Section: Application Domains
Inverse source problems in EEG
Participants : Laurent Baratchart, Kateryna Bashtova, Juliette Leblond.
This work is done in collaboration with Maureen Clerc and Théo Papadopoulo from the Athena Project-Team, and Jean-Paul Marmorat (Centre de mathématiques appliquées - CMA, École des Mines de Paris).
Solving overdetermined Cauchy problems for the Laplace equation on a spherical layer (in 3-D) in order to extrapolate incomplete data (see Section 3.2.1 ) is a necessary ingredient of the team's approach to inverse source problems, in particular for applications to EEG since the latter involves propagating the initial conditions through several layers of different conductivities, from the boundary down to the center of the domain where the singularities (i.e. the sources) lie. Then, once propagated to the innermost sphere, it turns out that that traces of the boundary data on 2-D cross sections (disks) coincide with analytic functions in the slicing plane, that has branched singularities inside the disk  . These singularities are related to the actual location of the sources (namely, they reach in turn a maximum in modulus when the plane contains one of the sources). Hence, we are back to the 2-D framework of Section 3.3.3 where approximately recovering these singularities can be performed using best rational approximation. The goal is to produce a fast but already good enough initial guess on the number and location of the sources in order to run heavier descent algorithms on the direct problem, which are more precise but computationally costly, and often fail to converge if not properly initialized.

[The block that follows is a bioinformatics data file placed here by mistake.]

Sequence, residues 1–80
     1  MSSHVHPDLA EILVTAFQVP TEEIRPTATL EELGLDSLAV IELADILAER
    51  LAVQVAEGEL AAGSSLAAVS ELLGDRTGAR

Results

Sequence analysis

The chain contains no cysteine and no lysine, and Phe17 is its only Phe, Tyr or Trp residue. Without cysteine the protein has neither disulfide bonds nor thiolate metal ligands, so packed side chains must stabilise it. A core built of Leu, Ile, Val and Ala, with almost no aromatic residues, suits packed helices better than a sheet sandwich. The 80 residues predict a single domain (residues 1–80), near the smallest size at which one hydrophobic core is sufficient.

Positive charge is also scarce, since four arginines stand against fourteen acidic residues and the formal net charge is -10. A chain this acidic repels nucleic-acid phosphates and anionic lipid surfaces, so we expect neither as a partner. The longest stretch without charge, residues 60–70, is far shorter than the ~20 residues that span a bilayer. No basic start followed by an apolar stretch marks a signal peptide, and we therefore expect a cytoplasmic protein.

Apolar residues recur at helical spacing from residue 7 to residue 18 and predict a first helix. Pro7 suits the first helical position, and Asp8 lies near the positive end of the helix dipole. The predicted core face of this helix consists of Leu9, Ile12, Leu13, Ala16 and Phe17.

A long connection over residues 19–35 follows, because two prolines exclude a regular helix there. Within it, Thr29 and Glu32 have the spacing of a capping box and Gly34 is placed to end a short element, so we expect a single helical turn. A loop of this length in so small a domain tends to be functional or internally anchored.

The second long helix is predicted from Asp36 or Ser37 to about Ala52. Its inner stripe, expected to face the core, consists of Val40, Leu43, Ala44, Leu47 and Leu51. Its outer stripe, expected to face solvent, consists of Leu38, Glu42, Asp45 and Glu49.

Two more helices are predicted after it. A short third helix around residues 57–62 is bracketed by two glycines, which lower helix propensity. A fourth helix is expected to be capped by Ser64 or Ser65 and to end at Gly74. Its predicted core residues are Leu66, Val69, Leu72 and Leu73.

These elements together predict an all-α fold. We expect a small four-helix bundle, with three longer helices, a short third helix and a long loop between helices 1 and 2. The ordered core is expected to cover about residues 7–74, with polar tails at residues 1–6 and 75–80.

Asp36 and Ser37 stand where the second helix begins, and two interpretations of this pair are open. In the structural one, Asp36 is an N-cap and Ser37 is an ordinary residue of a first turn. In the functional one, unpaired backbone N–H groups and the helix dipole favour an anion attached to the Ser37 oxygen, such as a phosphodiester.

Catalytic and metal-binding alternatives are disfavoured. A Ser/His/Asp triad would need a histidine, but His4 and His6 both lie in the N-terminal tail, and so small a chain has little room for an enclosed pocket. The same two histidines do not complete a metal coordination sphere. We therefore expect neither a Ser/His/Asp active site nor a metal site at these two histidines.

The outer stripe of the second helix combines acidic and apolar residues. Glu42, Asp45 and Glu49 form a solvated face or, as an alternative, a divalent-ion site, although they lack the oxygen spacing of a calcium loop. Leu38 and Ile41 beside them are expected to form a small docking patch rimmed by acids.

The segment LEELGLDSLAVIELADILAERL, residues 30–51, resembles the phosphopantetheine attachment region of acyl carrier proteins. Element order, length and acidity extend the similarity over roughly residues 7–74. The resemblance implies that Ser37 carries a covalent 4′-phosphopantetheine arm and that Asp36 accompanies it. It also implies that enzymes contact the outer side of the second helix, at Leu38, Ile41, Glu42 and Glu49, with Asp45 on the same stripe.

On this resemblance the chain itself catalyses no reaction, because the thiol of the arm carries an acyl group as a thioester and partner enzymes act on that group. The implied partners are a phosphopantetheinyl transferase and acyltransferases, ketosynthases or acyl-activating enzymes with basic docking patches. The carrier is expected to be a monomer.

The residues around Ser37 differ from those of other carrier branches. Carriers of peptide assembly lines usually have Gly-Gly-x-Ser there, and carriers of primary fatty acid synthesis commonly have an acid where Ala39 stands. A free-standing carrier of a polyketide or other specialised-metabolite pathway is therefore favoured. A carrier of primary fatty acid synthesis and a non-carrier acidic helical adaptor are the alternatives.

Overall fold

Numerical experiments give very good results on simulated data and we are now engaged in the process of handling real experimental magneto-encephalographic data, see also Sections 5.6 and 6.1 , in collaboration with the Athena team at Inria Sophia Antipolis, neuroscience teams in partner-hospitals (la Timone, Marseille), and the BESA company (Munich).